According to him, when the victims refused to leave the camp, Osanyitolu came with mobile policemen at about 11pm and sprayed the place with tear gas and beat some of the victims (they showed our correspondents the injury they had as a result).
â€œThe mobile policemen seized our phones and while we were all running for our lives, some of us who had been fortunate to collect the envelopes lost them,â€ he said, adding that over 80 people including the Chairman of the group were locked up by the officials of the State Task Force. He said many of them were stranded as they were tenants before the flood and do not have where to go.
He said the police officers that came with the LASEMA officials were shouting that the victims were given N250,000 and they were not satisfied.
A nursing mother and victim, Blessing Utobo, who said she lost her husband to the flood last year, said she was due for delivery when they were relocated. She gave birth to the baby in the camp and had been living there since then, yet she did not get anything as her name was not on the list. She said she and some others slept at the cemetery in the area that night.
Another victim, who was later introduced as the vice chairman of the group, also told the lawmaker and his colleague, Olusegun Olulade, who represents Epe 2 at the Assembly, that his name was not on the list despite his recognition by the LASEMA officials. He said it was after he complained that Osanyintolu took him aside and gave him N25,000.
He said the LASEMA boss explained that the particular list was given to him by the Community Development Association despite that the LASEMA officials had the authentic list.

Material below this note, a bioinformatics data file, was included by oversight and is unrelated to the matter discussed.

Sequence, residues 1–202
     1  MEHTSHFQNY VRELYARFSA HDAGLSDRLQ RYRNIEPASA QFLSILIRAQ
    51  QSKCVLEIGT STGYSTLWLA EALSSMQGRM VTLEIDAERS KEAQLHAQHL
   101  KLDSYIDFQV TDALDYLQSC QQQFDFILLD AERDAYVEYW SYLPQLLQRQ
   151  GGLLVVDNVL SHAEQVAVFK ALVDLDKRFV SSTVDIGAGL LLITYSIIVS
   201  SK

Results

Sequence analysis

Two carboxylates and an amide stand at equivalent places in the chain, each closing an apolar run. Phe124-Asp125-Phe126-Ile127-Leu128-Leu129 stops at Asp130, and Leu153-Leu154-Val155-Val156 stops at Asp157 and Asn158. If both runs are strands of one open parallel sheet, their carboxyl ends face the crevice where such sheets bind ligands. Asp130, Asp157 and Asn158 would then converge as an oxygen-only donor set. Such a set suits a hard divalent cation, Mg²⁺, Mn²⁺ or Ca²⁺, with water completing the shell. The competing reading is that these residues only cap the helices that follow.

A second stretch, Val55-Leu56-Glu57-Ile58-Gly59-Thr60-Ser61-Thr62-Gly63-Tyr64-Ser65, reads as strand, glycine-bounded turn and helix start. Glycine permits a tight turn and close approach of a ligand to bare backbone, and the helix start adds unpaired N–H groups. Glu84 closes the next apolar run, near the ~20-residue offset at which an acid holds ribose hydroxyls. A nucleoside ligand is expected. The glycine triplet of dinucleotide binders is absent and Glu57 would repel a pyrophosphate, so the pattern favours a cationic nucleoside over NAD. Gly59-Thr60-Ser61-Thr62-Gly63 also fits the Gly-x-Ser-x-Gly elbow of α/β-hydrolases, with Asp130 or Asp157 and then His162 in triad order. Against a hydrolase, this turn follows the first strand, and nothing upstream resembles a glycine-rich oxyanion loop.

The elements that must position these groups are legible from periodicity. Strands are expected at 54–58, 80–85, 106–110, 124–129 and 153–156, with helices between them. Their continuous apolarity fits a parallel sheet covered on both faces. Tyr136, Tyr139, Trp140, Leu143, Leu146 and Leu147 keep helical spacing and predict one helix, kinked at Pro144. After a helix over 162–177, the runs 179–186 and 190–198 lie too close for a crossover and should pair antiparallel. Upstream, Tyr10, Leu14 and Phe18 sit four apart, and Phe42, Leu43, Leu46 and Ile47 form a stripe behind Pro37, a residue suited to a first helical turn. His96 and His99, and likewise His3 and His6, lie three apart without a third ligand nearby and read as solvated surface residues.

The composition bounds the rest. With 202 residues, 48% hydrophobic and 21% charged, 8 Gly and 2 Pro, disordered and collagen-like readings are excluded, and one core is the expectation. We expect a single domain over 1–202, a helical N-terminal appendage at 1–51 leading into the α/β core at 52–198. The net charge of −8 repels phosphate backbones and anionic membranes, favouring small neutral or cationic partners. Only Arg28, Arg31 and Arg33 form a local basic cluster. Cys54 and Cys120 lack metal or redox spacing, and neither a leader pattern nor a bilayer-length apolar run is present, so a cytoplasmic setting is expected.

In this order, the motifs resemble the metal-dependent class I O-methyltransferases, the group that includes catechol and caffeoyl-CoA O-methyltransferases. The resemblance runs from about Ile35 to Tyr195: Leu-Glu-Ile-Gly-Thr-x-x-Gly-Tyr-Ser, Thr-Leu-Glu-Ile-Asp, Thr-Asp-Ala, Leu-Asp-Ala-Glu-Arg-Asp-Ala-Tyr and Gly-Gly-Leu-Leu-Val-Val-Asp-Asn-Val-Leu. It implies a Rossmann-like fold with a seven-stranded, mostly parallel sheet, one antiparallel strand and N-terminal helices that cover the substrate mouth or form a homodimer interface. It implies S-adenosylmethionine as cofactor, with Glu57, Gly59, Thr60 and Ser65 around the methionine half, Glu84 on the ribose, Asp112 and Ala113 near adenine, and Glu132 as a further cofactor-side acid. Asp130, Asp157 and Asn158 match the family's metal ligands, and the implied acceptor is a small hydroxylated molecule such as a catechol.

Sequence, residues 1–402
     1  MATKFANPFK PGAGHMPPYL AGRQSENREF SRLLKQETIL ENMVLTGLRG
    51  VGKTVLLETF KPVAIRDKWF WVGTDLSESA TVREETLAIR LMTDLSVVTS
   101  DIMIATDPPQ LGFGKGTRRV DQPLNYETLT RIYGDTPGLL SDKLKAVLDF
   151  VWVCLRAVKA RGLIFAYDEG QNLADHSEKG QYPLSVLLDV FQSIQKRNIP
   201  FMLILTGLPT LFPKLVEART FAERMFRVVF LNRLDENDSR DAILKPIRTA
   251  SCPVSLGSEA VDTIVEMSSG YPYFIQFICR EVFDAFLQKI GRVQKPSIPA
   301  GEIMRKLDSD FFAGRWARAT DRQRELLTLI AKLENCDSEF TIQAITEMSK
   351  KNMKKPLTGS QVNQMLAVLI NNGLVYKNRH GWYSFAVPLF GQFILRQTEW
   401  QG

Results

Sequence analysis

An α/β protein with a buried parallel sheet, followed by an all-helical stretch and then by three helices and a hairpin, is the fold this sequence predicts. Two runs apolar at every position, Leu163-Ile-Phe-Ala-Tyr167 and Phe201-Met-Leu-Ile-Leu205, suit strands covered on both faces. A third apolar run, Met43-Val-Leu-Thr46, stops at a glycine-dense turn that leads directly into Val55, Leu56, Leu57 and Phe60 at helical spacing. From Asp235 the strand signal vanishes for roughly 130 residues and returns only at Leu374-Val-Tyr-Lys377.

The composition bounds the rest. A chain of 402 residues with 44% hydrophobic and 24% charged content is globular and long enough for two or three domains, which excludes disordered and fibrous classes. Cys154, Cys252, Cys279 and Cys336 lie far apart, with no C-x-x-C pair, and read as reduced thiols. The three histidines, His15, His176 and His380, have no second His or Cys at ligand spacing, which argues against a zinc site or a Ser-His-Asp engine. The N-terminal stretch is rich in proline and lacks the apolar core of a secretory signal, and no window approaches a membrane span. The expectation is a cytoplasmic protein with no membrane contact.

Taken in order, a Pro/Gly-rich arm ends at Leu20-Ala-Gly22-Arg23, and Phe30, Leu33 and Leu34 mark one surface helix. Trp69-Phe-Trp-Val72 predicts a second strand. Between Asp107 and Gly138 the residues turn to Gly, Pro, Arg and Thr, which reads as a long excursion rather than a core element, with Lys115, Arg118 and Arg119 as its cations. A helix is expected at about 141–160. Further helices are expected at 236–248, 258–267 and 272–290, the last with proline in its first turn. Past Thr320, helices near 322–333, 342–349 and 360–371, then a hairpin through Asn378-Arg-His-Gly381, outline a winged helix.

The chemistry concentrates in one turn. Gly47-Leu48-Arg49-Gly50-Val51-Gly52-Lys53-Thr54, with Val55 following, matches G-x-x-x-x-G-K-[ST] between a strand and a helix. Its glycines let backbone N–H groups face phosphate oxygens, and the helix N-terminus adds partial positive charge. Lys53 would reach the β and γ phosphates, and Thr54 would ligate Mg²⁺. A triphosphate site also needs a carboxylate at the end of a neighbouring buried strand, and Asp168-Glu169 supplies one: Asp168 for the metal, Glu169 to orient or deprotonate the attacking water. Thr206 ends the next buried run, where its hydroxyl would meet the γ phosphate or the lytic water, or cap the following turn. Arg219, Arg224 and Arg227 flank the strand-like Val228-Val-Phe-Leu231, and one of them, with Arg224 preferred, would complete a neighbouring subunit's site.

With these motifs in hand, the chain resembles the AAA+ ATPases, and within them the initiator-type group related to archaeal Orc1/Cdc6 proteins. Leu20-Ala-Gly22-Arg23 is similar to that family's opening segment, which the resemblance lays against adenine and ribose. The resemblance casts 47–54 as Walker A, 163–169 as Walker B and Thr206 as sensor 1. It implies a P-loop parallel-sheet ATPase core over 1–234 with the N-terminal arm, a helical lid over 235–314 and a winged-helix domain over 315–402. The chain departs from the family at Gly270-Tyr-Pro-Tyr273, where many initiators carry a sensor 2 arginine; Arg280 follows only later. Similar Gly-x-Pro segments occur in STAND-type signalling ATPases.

â€œAs the vice chairman of the camp, I am supposed to know everybody especially with the fact that we have been together for 10 months. But on that day, when the list was been read, the faces who bore the names Osanyintolu mentioned were total strangers. They were never with us at the camp.
â€œIn one of the meetings he had with us earlier, he explained that the money donated by the Federal Government for the victims was kept in the bank and would be used to settle us when we would be leaving. He said we should be patient and not complain about the food we were getting since that was handled by the state government. Since then, we had hopes.
After listening to their complaints, Abiru promised them that the House of Assembly would investigate the matter and reach the victims appropriately, Dr. Osanyintolu, on his part, explained that the amount given to them was not to compensate them, but a token from the government which had also engaged them in vocational and skill acquisition schemes.
According to Osanyintolu, there were 264 families with children, making 1,100 people in the camp.
He said the order to quit the camp was given by Governor Fashola who wanted the camp to be available to the victims of the recent flood in the state. He added that on that day, the number of the residents swelled as those who heard that he wanted to give them money rushed down.
He said those whose names were on the list were given N50, 000 each while N25,000 was given to those who complained that their names were not on it. He said that he was even held hostage by the victims and had to be rescued by officers of the RRS, adding that his car was, in the process, vandalised by the violent victims.
â€”Kazeem Ugbodaga & Eromosele Ebhomele